HAN: It's really not, right? It is another kind of way to get at how we make problems. We make problems for ourselves that aren't even there. It is that the way that she was raised, and in Korea, because of the - I don't know - genetic pool, there's a lot of bias against marrying people who are too related.

Like, I'm a Han. I'm in the Han clan. Apparently there's only one Han clan, so it would be frowned upon if I married someone who was a Han. So I wanted to show that she was very sort of old-fashioned and rigid in her thinking.

PERALTA: So the afterlife section of this book, after Jang is hit by a bus in Chicago - it's fascinating. She arrives in her old body, and she's tormented by ghosts, one who's taken the form of her missing sister. They're trying to teach her a lesson. How much did you turn to Korean mythology and beliefs to build this part of the story?

HAN: Yeah. I have done a lot of research on Korean shamanism. And in Korean culture, as I understand it, and it's very specific to my parents and where they grew up, it's so different. Korea has so many different religions and different ways of looking at life and death this way, but my parents didn't see the afterlife as being so different. It was comforting to see that ghosts are not ones to fear.

PERALTA: In this afterlife that you have in your head, is it expected for ghosts to contact the living in the manner that you write - and that is, you know, spirits learning to walk through walls or to inhabit cell phones, airplanes, spirits talking through mediums, usually badly? Jeonga has quite a time trying to figure out how to get in touch...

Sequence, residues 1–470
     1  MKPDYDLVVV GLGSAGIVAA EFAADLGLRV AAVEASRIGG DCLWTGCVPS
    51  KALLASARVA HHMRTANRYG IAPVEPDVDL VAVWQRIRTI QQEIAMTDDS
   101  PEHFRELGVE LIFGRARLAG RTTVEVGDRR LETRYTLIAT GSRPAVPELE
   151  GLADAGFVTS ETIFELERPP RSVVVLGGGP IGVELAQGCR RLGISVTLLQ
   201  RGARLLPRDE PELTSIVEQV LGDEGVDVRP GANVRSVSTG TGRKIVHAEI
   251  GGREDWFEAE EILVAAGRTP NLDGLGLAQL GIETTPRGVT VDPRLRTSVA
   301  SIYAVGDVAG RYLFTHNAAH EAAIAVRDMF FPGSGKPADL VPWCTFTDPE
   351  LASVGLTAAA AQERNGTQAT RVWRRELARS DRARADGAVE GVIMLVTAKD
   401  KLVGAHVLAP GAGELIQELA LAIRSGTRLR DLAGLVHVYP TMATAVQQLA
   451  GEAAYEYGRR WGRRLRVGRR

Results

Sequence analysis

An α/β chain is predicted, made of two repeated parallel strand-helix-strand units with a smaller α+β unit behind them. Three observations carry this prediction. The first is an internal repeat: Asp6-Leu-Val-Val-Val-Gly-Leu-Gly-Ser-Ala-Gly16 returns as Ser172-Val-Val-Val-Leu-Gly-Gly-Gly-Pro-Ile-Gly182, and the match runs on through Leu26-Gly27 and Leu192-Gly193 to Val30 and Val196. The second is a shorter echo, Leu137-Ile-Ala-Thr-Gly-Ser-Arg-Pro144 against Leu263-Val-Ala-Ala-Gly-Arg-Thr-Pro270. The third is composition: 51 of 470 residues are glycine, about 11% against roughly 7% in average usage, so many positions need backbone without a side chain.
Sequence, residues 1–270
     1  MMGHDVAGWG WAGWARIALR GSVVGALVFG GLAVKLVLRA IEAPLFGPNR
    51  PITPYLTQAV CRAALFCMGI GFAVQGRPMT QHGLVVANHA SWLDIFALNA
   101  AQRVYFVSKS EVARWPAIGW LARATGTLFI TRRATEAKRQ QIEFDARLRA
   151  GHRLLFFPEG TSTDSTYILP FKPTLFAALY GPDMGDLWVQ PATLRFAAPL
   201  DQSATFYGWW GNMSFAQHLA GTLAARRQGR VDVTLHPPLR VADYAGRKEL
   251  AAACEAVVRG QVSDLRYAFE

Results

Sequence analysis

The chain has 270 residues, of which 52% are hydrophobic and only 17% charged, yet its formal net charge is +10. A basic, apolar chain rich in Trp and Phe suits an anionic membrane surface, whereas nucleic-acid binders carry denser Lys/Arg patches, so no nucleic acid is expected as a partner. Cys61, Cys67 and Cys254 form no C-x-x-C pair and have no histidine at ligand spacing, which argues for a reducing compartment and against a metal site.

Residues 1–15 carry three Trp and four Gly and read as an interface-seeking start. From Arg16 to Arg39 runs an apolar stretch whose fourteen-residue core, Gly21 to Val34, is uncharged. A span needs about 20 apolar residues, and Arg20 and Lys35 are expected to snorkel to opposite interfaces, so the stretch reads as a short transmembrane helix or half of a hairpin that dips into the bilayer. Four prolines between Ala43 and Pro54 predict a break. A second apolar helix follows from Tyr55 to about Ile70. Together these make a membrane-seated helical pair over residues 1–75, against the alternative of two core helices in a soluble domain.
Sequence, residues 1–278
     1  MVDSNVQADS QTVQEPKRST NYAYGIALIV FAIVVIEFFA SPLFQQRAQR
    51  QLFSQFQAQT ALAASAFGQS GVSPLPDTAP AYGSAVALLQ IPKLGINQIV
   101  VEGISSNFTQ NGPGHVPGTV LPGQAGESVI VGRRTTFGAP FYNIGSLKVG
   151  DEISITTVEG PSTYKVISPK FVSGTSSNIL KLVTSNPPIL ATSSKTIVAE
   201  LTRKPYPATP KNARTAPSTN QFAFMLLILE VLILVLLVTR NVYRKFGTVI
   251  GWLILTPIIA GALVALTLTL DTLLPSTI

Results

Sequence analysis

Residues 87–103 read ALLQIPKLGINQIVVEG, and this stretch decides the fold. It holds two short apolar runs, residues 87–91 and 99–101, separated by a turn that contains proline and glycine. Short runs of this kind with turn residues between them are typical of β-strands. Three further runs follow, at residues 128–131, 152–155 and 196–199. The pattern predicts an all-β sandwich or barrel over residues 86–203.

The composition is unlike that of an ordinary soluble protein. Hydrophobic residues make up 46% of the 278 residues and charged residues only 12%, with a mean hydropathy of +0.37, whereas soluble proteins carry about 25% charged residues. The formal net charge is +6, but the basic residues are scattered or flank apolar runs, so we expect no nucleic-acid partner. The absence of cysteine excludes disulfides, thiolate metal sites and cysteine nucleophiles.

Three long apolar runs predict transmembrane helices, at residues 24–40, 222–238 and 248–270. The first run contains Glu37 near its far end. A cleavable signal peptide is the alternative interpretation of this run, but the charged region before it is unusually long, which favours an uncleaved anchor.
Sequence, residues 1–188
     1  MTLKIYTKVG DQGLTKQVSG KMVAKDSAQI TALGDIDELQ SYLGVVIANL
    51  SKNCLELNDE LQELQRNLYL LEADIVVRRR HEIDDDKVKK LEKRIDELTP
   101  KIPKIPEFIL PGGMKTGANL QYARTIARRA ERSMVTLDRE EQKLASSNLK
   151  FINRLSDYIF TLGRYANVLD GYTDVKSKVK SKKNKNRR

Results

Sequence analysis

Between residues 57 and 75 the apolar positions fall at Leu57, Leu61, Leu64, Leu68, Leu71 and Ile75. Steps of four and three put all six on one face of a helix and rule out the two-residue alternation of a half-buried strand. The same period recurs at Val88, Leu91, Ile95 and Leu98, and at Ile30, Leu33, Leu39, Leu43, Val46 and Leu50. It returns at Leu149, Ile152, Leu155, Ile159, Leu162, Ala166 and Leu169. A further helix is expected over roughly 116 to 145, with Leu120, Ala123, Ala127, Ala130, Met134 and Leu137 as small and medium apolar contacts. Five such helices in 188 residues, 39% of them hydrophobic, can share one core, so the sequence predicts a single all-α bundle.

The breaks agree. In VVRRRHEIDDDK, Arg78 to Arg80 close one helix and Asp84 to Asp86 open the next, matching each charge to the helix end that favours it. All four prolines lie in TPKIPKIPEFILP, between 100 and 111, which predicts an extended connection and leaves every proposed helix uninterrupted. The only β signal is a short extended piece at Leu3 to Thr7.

HAN: Right.

PERALTA: ...With her personal assistant from the afterlife.

HAN: Right. I will tell you that my father took my mother to Korea when she was sick. And so I went to visit her. And then soon after she died, so then I returned for her funeral. And particularly that year, there were all kinds of experiences that I had that I couldn't really explain. When they would happen, I would just feel comforted.

The other day, my cousins came from Korea to visit, and they brought their youngest sister, who had taken care of her husband with Alzheimer's for years and so had never been able to travel outside of Korea. And they brought her here. They took her around. I found street parking in Manhattan so easily.

PERALTA: (Laughter).

HAN: It was like a miracle.

PERALTA: Some ghosts were helping you.

HAN: Yeah (laughter).

PERALTA: We also find out why the book is called "The Apology." It's what Jeonga has to do in order to settle things. How much of this story is an answer for Koreans who never knew what happened to their family members when the country split?

HAN: I hope it makes people feel connected in some way, even if they can't be there. My uncle is approaching 86 now, and it's just so sad for him that now at his age it seems less and less likely that he'll ever see his family again who are in North Korea and - or find out what happened to them. So, yeah, I want it to be hopeful that there's some possibility, some way to connect again.

PERALTA: That's Jimin Han. Her new novel is "The Apology." Thank you so much for talking to us about it.

HAN: Thank you. Transcript provided by NPR, Copyright NPR.

NPR transcripts are created on a rush deadline by an NPR contractor. This text may not be in its final form and may be updated or revised in the future. Accuracy and availability may vary. The authoritative record of NPR’s programming is the audio record.

Eyder Peralta
Eyder Peralta is an international correspondent for NPR. He was named NPR's Mexico City correspondent in 2022. Before that, he was based in Cape Town, South Africa. He started his journalism career as a pop music critic and after a few newspaper stints, he joined NPR in 2008.